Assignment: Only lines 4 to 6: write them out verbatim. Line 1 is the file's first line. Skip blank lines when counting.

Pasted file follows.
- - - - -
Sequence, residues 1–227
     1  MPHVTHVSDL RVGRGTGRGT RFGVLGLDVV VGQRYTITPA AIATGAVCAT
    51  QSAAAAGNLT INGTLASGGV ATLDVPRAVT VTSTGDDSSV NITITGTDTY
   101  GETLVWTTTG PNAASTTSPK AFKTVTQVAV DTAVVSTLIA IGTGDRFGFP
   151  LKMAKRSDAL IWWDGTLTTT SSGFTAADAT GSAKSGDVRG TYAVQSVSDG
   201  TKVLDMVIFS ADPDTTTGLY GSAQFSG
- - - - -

   101  GETLVWTTTG PNAASTTSPK AFKTVTQVAV DTAVVSTLIA IGTGDRFGFP
   151  LKMAKRSDAL IWWDGTLTTT SSGFTAADAT GSAKSGDVRG TYAVQSVSDG
   201  TKVLDMVIFS ADPDTTTGLY GSAQFSG